CAS Number: 59-42-7

The oral bioavailability of phenylephrine is only about 40%,[1] so the drug is unlikely to reach the infant in large amounts. However, intravenous or oral administration of phenylephrine might decrease milk production. Because no information is available on the use of oral phenylephrine during breastfeeding, an alternate drug may be preferred, especially while nursing a newborn or preterm infant.Phenylephrine nasal spray or ophthalmic drops are less likely to decrease lactation. To substantially diminish the effect of the drug after using eye drops, place pressure over the tear duct by the corner of the eye for 1 minute or more, then remove the excess solution with an absorbent tissue.

Acetaminophen while Breastfeeding

CAS Number: 103-90-2

Acetaminophen is a good choice for analgesia, and fever reduction in nursing mothers. Amounts in milk are much less than doses usually given to infants. Adverse effects in breastfed infants appear to be rare.

Dextromethorphan hydrobromide while Breastfeeding

CAS Number: 125-71-3

Neither the excretion of dextromethorphan in milk nor its effect on breastfed infants have been studied. It is unlikely that with usual maternal doses amounts in breastmilk would harm the nursing infant, especially in infants over 2 months of age. It is best to avoid the use of products with a high alcohol content while nursing.

Doxylamine succinate while Breastfeeding

CAS Number: 469-21-6

Small occasional doses of doxylamine would not be expected to cause any adverse effects in breastfed infants. Larger doses or more prolonged use may cause drowsiness and other effects in the infant or decrease the milk supply, particularly in combination with a sympathomimetic such as pseudoephedrine or before lactation is well established.

Phenylephrine hydrochloride while Breastfeeding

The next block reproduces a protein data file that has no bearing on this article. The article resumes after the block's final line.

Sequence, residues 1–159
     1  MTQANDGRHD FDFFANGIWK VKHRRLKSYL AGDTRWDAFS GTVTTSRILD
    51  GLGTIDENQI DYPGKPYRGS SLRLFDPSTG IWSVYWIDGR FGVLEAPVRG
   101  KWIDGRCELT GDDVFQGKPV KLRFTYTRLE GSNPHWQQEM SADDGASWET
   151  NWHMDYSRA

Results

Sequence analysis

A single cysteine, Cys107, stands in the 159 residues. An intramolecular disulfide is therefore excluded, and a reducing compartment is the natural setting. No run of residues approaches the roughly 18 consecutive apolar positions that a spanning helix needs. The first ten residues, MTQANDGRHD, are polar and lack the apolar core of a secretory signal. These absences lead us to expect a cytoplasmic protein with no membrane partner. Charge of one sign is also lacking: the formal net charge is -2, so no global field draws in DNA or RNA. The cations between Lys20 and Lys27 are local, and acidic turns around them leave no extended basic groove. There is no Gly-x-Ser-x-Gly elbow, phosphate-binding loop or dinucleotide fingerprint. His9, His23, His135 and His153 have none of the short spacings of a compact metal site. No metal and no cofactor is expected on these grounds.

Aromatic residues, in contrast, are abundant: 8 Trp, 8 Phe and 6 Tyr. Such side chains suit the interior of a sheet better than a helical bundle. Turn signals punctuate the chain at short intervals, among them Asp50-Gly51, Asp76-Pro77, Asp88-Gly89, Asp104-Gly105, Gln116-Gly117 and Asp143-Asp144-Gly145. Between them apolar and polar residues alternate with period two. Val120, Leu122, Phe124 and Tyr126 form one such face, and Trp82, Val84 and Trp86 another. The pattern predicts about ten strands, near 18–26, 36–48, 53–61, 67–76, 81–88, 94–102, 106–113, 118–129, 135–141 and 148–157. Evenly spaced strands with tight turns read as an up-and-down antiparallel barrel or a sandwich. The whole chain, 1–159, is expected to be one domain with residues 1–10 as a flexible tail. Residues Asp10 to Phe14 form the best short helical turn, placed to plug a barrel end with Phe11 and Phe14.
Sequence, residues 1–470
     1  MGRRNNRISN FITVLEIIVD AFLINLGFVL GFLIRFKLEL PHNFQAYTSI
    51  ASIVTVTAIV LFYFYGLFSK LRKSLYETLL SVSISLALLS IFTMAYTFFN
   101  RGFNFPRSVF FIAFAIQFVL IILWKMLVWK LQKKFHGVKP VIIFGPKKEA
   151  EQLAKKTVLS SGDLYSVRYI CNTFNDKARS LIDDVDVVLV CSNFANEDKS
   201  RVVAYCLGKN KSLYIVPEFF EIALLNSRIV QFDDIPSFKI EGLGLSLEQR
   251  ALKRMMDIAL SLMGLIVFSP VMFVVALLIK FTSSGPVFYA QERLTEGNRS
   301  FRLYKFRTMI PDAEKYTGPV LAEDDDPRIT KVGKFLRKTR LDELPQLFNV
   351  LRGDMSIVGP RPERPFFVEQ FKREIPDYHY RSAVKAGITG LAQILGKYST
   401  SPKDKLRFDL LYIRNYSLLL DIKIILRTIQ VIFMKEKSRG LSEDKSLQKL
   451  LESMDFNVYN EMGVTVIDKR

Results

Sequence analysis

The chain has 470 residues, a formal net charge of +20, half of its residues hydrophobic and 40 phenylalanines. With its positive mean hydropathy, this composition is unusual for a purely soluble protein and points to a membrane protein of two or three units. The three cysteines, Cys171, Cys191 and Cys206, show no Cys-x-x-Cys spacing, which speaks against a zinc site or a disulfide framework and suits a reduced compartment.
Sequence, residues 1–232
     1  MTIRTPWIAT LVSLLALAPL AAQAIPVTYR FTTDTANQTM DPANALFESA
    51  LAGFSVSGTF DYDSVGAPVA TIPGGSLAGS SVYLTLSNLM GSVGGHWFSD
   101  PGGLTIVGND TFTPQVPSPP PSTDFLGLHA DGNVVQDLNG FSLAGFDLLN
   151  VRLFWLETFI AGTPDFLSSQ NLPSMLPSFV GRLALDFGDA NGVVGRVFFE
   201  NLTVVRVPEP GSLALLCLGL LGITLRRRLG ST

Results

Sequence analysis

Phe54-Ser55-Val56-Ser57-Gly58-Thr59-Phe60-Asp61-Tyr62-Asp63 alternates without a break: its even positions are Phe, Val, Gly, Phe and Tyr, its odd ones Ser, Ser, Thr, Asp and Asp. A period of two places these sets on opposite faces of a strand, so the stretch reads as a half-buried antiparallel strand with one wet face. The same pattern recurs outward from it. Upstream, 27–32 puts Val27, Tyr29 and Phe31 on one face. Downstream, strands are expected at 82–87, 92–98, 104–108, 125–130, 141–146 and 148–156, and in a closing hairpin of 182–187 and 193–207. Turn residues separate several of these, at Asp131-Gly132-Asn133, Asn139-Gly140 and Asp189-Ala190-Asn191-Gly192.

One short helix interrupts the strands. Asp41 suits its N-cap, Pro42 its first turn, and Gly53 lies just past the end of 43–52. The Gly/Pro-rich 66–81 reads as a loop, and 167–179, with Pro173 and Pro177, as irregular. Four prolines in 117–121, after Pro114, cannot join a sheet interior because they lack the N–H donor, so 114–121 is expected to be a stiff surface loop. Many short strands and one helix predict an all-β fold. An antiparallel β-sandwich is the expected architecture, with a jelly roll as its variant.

CAS Number: 59-42-7

The oral bioavailability of phenylephrine is only about 40%,[1] so the drug is unlikely to reach the infant in large amounts. However, intravenous or oral administration of phenylephrine might decrease milk production. Because no information is available on the use of oral phenylephrine during breastfeeding, an alternate drug may be preferred, especially while nursing a newborn or preterm infant.Phenylephrine nasal spray or ophthalmic drops are less likely to decrease lactation. To substantially diminish the effect of the drug after using eye drops, place pressure over the tear duct by the corner of the eye for 1 minute or more, then remove the excess solution with an absorbent tissue.



What should I do if already breastfed my kid after using Daytime/nitetime Severe Cold And Flu Maximum Strength?

We have already established that Daytime/nitetime Severe Cold And Flu Maximum Strength is unsafe in breastfeeding and breastfeeding while using Daytime/nitetime Severe Cold And Flu Maximum Strength is not a good idea however if have already used and then breastfed the baby then you shall monitor the behavior and health of baby closely and inform your doctor as soon as possible. In case of emergency please call 911.


My health care provider has asked me to use Daytime/nitetime Severe Cold And Flu Maximum Strength, what to do?

If your doctor knows that you are breastfeeding mother and still prescribes Daytime/nitetime Severe Cold And Flu Maximum Strength then there must be good reason for that as Daytime/nitetime Severe Cold And Flu Maximum Strength is considered unsafe, It usually happens when doctor finds that overall advantage of taking outweighs the overall risk.


If I am using Daytime/nitetime Severe Cold And Flu Maximum Strength, will my baby need extra monitoring?

Yes, Extra monitoring is required if mother is using Daytime/nitetime Severe Cold And Flu Maximum Strength and breastfeeding as it is considered unsafe for baby.


Who can I talk to if I have questions about usage of Daytime/nitetime Severe Cold And Flu Maximum Strength in breastfeeding?

US
National Womens Health and Breastfeeding Helpline: 800-994-9662 (TDD 888-220-5446) 9 a.m. and 6 p.m. ET, Monday through Friday

UK
National Breastfeeding Helpline: 0300-100-0212 9.30am to 9.30pm, daily
Association of Breastfeeding Mothers: 0300-330-5453
La Leche League: 0345-120-2918
The Breastfeeding Network supporter line in Bengali and Sylheti: 0300-456-2421
National Childbirth Trust (NCT): 0300-330-0700

Australia
National Breastfeeding Helpline: 1800-686-268 24 hours a day, 7 days a week

Canada
Telehealth Ontario for breastfeeding: 1-866-797-0000 24 hours a day, 7 days a week